Psychoanalysis may be able to help some children with autism or an autism
spectrum disorder make dramatic progress toward normalcy.
So reported psychoanalyst Susan Sherkow, M.D., an associate professor of
psychiatry at Albert Einstein College of Medicine, at the January meeting of
the American Psychoanalytic Association in New York City.
Susan Sherkow, M.D.: "If you start early enough with these kids,
you can achieve empathy rather quickly."
Credit: Joan Arehart-Treichel
Moreover, during the meeting, she provided details about one patient to
make her case. Later, during a phone interview, she said that she has also
used psychoanalysis with five more children who were "flat-out
autistic" or "on the spectrum," and that the outcomes in
these cases too were quite positive. The six children ranged in age from 2 to
9 when they started analysis, she
Autistic children tend to have difficulty communicating verbally, or even
if they can talk, it is often difficult to understand them, Sherkow explained
to Psychiatric News. Nor is it always possible to know whether what
they are saying is connected to what they are thinking or feeling. So a major
goal of her analysis with each of the six children (five boys and one girl),
she said, was to "pay very close attention to the child's
behavior" so that the behavior would give her clues to thoughts and
emotions. And once she had decided on how to interpret the child's behavior,
she would verbalize it in her or his presence. For example, if the child
appeared to be upset, she would say, "You're upset." Or if he or
she appeared to be angry, she would say, "You must be angry." And
if the child gave her a furtive glance after she made such a comment, she
would conclude that her interpretation of the behavior was probably correct.
So by using such techniques over a period of weeks, she came to understand
quite well what the child was thinking and feeling when he or she engaged in
various behaviors, she said.
Further, her verbally expressing her interpretations of the child's
behaviors in his or her presence served another purpose, she pointed out. The
child came to realize that thoughts and feelings were being understood. She
was forging a relationship with the child.
Another goal of the analysis was to help the child relinquish stereotypic
behaviors for imaginative play, Sherkow reported. "These kids are
typically lacking in imaginative play," she said. "Imaginative
play comes from having used language and from having identified emotions with
Also, the mother of each of the six children was present during her child's
analytic sessions, Sherkow noted. There were several reasons why the mother
was included, Sherkow said. One was to help the mother recognize what her
child was thinking and feeling. Another was to help her and her child
communicate verbally with one another. Yet a third goal was to demonstrate to
her that her child could be helped.
The six children whom Sherkow analyzed were in analysis anywhere from two
to four years, she said.
"All six significantly improved in outcome," Sherkow reported,"
but I will clarify that since 'outcome' is a very broad word.... By the
end of the first year of analysis they had developed empathy.... They can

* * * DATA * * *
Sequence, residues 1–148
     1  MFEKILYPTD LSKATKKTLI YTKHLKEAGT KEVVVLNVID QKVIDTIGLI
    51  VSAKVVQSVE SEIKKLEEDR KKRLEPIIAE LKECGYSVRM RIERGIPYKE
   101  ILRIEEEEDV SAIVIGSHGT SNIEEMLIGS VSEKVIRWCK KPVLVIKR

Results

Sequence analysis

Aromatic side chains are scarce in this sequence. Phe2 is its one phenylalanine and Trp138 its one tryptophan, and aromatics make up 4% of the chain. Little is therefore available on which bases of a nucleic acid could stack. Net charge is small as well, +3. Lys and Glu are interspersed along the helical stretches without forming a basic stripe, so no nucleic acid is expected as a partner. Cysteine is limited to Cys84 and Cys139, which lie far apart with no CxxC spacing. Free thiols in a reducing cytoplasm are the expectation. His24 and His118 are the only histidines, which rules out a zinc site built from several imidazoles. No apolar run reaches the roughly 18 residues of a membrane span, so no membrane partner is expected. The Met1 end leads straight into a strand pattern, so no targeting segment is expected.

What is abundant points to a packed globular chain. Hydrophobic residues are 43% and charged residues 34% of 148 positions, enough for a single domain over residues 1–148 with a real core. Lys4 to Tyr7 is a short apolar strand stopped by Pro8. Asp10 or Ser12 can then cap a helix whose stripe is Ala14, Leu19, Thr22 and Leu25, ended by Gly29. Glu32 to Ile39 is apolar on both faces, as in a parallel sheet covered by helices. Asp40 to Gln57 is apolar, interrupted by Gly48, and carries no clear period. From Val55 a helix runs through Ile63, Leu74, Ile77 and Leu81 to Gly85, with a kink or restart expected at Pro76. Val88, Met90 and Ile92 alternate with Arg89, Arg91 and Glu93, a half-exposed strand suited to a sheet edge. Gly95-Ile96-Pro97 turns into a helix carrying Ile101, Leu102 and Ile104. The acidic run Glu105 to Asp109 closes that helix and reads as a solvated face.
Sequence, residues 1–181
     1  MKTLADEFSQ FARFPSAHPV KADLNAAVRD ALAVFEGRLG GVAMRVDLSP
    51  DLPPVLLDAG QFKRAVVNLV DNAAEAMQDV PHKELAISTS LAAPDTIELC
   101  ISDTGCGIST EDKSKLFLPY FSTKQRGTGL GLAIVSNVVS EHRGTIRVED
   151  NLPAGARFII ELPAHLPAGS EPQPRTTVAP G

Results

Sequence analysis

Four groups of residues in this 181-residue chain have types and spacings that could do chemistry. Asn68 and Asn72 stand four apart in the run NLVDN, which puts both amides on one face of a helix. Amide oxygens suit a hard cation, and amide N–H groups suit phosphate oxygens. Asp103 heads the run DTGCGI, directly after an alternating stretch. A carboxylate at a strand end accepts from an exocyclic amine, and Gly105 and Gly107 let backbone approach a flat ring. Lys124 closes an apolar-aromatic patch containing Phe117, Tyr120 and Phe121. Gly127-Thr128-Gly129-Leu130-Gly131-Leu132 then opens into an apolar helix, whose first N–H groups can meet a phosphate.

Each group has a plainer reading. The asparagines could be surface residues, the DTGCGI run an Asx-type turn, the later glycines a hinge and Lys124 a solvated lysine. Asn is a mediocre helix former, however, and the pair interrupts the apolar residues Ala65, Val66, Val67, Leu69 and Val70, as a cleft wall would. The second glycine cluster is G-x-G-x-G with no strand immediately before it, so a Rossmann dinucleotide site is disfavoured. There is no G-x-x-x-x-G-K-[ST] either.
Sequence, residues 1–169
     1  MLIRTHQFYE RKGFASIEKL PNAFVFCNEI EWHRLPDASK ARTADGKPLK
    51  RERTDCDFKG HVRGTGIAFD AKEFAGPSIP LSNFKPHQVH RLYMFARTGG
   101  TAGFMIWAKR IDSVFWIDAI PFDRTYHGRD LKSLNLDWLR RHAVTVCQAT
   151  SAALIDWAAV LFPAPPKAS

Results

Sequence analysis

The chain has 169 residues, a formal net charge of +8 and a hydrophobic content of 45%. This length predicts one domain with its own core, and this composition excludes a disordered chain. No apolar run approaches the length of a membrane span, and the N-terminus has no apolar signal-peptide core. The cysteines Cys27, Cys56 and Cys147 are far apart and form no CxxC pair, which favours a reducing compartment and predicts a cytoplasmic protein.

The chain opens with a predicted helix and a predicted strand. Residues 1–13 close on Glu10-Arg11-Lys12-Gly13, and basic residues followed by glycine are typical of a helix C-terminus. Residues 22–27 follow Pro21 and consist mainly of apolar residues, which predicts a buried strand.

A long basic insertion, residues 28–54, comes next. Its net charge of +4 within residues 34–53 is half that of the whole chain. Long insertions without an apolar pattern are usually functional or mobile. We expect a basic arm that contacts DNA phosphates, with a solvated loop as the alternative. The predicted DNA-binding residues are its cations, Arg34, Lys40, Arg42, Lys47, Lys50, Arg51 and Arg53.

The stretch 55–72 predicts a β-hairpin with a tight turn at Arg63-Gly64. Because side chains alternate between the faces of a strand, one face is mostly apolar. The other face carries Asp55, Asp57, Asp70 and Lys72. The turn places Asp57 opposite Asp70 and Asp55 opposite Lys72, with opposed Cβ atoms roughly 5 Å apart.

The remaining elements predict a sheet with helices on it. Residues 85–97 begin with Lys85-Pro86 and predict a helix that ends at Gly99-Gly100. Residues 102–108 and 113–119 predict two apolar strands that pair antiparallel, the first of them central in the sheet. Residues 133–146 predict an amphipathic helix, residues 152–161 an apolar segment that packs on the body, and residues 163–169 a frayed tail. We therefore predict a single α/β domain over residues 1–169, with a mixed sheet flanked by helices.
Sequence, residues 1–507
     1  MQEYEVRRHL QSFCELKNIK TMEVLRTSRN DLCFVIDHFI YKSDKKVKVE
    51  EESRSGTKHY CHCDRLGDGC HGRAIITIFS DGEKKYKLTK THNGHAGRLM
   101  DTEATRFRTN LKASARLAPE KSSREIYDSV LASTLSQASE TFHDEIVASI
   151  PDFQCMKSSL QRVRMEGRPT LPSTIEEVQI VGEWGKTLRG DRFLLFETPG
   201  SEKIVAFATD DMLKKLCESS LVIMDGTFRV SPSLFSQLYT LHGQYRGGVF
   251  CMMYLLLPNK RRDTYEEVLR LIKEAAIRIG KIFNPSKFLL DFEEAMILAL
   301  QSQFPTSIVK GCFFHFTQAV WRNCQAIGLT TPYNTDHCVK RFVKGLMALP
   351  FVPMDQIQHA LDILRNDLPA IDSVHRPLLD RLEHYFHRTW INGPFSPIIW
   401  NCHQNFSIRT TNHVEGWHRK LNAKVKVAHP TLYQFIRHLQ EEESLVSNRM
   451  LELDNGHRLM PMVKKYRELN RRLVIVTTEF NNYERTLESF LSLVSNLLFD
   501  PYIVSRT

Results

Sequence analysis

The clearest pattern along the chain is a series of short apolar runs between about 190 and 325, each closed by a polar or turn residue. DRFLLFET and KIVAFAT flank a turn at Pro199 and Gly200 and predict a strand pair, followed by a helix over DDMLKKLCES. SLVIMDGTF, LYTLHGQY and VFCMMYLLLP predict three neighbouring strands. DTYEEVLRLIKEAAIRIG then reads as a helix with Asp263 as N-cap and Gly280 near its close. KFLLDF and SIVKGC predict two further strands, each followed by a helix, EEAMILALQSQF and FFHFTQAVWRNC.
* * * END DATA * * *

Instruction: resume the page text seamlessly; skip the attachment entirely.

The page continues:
socialize with other children and communicate their needs. They can say 'I'm
angry,' 'I'm sad,' 'I'm hungry,' or 'I'm tired.' They look like a child
without a diagnosis. I would say that they all arrived at that.... Some have
even gone on to mainstream schools...."
How much of these children's impressive outcomes were actually due to
Emanuel DiCicco-Bloom, M.D.: "We are learning that the brain has
an incredible amount of plasticity. So outgrowing a diagnosis of autism? Well,
it might be possible."
Credit: Joan Arehart-Treichel
Sherkow is the first to admit that she is not sure, especially since the
children were also receiving speech therapy and occupational therapy and, in
some cases, physical therapy. Further, she and the other therapists worked
closely together in each case "to make sure that everybody was on the
same page." Nonetheless, she has little doubt that the children's
remarkable results were due at least in part to analysis. For example, her
patient who had started analysis at age 9 had already had speech therapy, and
it had done nothing to help him with his grave speech difficulties. But now,
after analysis, "he is understandable," she reported. "You
can actually have conversations with
Sherkow's greatest achievement may have been in making the children
empathetic, Emanuel DiCicco-Bloom, M.D., a professor of neuroscience at the
Robert Wood Johnson Medical School and an autism scientist, declared at the
APsaA meeting. "It is heartwarming, something we don't hear about at our
autism meetings," he added.
But perhaps the more sweeping implication of these outcomes, DiCicco-Bloom
pointed out, is that they challenge the traditional belief that children with
a diagnosis of autism or of an autism spectrum disorder cannot get better."
We are learning that the brain has an incredible amount of
plasticity," he declared. "There is far more plasticity than many
of us would have imagined even 10 years ago."
Sherkow agreed: "One of the main things we are up against in our work
is that there has been a lot of press over the years that you can't lose the
diagnosis of autism.... Now we are beginning to see that that is just not
Other American analysts are also using analysis to help autistic children,
Sherkow noted. So are some European analysts, she added. So does she recommend
that children with autism or an autism spectrum disorder receive
psychoanalysis? "Absolutely!" she replied. And where might
American parents find an analyst to help an autistic child? "They should
go to a psychoanalytically trained child psychiatrist or child psychologist
who knows how to do this or who would learn how to do it because it is based
on how we do child analysis anyway." ▪